“Isserlis, of course, is a matchless virtuoso, so much so that it might seem redundant to discuss the transcendent way he played Beethoven's visionary score; it would be more to the point to note that his Olympian talent connected the audience directly with the mind and heart of Beethoven, in a kind of musical seance.” - Mark Satola, The Cleveland Plain Dealer
Acclaimed worldwide for his profound musicianship and technical mastery, British cellist Steven Isserlis enjoys a uniquely varied and distinguished career as a soloist, chamber musician, educator, author, and broadcaster.
As a concerto soloist he appears with many of the world’s leading orchestras and conductors, including the Berlin Philharmonic, National Symphony Orchestra Washington, London Philharmonic, and Zurich Tonhalle orchestras. He gives recitals every season in major musical centers, and plays with many of the world’s foremost chamber orchestras, including the Deutsche Kammerphilharmonie Bremen and the Australian, Mahler, Norwegian, Scottish, Zurich, and St Paul Chamber Orchestras, as well as period-instrument ensembles such as the Orchestra of the Age of Enlightenment and Philharmonia Baroque Orchestra. Unusually, he also directs chamber orchestras from the cello.
He works with many contemporary composers and regularly premieres new works on the international concert stage.
More About Steven Isserlis
Recent performing highlights include his debut with Dresden Staatskapelle, and as Artist-in-Residence with Kammerakademie Potsdam. On June 21, 2019, Steven performed with his close friend Radu Lupu at Lupu’s final-ever concert with the Lucerne Symphony Orchestra, where Steven directed pieces including Mozart’s Piano Concerto No. 23 in A, K488, with Lupu as soloist. Other appearances include with the Gewandhausorchester Leipzig, Vienna Philharmonic Orchestra at the Salzburg Mozartwoche; the US premiere of Thomas Adès’s Lieux retrouvés with the Los Angeles Philharmonic, following world and UK premieres in Lucerne and at the BBC Proms, and a further performance of the work in Amsterdam with the Britten Sinfonia, all conducted by the composer; Prokofiev’s Concerto Op. 58 with the London Philharmonic Orchestra under Vladimir Jurowski, in London and at the Dresden Music Festival; Haydn’s C major Concerto with the Orchestra of the Age of Enlightenment under Adam Fischer; and Shostakovich’s Cello Concerto No.1 on an Australian tour with the Australian Chamber Orchestra.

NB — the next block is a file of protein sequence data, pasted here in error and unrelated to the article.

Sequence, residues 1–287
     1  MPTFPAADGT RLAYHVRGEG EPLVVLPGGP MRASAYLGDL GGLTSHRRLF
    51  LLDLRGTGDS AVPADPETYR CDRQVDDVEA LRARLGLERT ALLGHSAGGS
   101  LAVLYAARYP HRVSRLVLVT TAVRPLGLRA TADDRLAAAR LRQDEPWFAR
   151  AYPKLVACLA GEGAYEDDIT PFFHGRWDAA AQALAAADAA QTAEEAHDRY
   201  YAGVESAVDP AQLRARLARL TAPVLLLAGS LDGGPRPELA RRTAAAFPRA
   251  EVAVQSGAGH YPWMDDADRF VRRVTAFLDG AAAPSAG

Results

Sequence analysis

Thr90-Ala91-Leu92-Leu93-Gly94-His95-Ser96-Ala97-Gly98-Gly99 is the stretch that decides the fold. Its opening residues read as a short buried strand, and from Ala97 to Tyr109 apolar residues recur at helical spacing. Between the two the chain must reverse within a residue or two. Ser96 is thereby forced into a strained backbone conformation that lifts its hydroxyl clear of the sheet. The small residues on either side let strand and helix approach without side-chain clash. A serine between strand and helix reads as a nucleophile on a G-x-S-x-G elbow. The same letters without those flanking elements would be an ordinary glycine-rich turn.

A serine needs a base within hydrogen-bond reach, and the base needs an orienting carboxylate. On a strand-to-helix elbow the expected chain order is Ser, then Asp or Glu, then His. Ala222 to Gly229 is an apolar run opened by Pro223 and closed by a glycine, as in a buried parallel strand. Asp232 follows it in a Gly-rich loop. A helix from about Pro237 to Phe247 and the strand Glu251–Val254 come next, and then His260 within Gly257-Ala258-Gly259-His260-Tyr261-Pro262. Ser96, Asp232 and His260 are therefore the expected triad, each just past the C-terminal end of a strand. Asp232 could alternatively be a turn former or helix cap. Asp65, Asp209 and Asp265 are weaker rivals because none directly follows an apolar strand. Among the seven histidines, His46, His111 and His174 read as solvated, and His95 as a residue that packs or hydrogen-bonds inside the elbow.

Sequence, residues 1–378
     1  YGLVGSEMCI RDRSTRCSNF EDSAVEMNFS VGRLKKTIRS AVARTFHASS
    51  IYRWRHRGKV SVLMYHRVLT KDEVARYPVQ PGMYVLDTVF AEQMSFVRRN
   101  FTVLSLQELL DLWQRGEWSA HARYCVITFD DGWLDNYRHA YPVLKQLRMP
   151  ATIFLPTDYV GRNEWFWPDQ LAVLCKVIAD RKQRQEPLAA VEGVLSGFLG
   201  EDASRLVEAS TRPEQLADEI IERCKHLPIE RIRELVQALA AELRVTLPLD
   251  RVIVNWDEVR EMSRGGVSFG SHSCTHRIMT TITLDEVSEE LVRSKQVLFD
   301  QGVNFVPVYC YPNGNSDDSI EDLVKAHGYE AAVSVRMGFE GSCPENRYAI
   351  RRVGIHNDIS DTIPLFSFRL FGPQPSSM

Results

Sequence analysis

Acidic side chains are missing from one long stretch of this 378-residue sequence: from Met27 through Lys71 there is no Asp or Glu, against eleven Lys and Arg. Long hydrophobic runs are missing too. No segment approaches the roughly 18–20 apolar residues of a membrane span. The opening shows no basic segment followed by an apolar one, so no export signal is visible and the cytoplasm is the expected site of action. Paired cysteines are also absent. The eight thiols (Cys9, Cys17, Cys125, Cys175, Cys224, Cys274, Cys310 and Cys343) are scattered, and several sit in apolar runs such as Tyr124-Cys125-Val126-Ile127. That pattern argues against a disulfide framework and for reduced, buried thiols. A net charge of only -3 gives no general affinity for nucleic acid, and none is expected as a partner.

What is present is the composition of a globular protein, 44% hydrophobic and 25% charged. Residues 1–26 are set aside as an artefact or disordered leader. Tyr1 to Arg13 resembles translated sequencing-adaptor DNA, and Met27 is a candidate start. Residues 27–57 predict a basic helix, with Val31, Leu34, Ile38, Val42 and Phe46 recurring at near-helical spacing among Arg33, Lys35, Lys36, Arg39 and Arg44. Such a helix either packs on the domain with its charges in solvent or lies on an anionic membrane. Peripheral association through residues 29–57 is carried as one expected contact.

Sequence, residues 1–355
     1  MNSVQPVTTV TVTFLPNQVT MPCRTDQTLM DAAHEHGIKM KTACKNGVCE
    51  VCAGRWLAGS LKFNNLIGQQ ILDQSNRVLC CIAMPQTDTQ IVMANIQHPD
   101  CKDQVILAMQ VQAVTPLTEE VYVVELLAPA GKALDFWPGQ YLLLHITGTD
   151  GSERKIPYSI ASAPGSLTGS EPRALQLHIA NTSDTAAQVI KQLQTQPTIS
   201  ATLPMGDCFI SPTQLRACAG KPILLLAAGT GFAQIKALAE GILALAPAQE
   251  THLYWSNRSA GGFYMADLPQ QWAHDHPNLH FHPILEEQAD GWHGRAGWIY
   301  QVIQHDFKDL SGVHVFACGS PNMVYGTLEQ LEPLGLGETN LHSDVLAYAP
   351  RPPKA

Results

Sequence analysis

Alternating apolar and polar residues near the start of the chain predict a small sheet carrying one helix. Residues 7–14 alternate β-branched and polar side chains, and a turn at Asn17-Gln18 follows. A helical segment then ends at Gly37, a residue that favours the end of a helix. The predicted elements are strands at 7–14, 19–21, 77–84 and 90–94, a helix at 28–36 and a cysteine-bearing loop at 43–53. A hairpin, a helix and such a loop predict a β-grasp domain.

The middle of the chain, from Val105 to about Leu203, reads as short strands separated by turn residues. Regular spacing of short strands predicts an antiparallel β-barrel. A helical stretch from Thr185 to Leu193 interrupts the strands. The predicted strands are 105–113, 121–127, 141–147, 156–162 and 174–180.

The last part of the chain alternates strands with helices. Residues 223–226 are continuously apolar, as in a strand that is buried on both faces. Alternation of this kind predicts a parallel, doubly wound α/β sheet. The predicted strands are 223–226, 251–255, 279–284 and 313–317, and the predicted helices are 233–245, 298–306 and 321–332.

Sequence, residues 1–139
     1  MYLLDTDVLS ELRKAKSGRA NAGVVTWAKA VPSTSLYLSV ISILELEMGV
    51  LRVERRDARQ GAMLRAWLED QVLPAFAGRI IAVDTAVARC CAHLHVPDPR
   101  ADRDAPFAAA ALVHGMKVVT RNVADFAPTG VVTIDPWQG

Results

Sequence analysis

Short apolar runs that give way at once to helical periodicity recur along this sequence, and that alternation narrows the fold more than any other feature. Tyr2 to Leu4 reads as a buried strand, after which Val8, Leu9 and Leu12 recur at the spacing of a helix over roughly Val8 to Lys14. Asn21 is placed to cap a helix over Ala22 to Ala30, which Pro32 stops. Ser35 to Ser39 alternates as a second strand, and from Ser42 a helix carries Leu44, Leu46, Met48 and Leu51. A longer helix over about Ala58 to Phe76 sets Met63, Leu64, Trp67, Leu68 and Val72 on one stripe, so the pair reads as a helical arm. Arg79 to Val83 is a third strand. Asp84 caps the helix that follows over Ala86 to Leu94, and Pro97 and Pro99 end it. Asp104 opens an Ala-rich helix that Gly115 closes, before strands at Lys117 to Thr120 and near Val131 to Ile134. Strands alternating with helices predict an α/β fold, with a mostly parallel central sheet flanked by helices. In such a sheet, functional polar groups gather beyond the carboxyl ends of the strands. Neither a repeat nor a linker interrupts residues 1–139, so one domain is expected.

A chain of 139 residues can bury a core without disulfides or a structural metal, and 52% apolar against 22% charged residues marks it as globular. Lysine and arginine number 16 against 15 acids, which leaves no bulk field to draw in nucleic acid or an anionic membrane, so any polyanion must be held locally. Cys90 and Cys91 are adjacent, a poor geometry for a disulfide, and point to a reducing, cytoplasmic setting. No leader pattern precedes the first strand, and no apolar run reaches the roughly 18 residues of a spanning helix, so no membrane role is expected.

As a chamber musician, he has curated series for many of the world’s most famous festivals and venues, including the Wigmore Hall, the 92nd St Y in New York, and the Edinburgh, Verbier and Salzburg Festivals. Recent highlights include a major exploration of two musical visionaries to whom he feels particularly close and is an enthusiastic champion: Gabriel Fauré and Robert Schumann, performed over a series of four concerts at the Wigmore Hall. A specially-devised new program "Composers and their Muses", exploring three pairs of composers who provided mutual inspiration for each other’s compositions – Clara and Robert Schumann, Vitezslava Kaprálová and her teacher Martinů, and Augusta Holmès and her teacher César Franck, was performed with pianist Connie Shih and performed at Wigmore Hall and on tours of the US and Japan. Other specially devised programs have included "In the Shadow of War", a major four-part series for the Wigmore Hall to mark the centenary of the First World War and the 75th anniversary of the Second World War; explorations of Czech music; the teacher-pupil line of Saint-Saëns, Fauré and Ravel; ‘Cello and Voice’, a unique series of three programs exploring the affinity of the cello and the human voice; varied aspects of Robert Schumann’s life and music; and the music of Sergei Taneyev (teacher of Steven’s grandfather, Julius Isserlis) and his friends and students. For these concerts Steven was joined by a regular group of friends which includes the violinists Joshua Bell, Isabelle Faust, Pamela Frank, and Janine Jansen, violist Tabea Zimmermann, and pianists Jeremy Denk, Stephen Hough, Alexander Melnikov, Olli Mustonen, Connie Shih, and Dénes Várjon. In 2019, he also undertook a major US tour with his longtime friends and collaborators Joshua Bell and Jeremy Denk, performing trios by Mendelssohn, Shostakovich, Ravel and Rachmaninov.
He gives most of his concerts on the Marquis de Corberon (Nelsova) Stradivarius of 1726, kindly loaned to him by the Royal Academy of Music.